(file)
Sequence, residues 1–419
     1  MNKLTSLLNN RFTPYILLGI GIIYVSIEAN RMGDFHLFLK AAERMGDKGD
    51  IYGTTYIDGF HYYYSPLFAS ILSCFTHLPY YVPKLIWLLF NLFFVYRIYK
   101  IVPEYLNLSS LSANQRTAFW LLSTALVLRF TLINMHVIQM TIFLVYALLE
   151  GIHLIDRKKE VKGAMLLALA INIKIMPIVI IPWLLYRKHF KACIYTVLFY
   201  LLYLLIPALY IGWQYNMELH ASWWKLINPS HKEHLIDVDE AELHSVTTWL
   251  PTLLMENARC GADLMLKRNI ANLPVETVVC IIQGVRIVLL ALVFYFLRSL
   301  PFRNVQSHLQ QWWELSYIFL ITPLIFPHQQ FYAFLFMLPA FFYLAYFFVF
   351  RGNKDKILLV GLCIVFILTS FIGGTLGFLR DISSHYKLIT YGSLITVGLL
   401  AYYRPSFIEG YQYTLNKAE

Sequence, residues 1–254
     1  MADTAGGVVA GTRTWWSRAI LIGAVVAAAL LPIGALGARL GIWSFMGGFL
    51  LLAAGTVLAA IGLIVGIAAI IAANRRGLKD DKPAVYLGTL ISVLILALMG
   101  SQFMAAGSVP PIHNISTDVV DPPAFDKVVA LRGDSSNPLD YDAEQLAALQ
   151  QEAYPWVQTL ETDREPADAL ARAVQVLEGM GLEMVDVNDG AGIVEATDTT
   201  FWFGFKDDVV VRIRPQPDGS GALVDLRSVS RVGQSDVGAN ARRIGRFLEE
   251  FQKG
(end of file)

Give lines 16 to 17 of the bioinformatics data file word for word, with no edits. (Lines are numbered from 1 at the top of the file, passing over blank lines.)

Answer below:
   201  FWFGFKDDVV VRIRPQPDGS GALVDLRSVS RVGQSDVGAN ARRIGRFLEE
   251  FQKG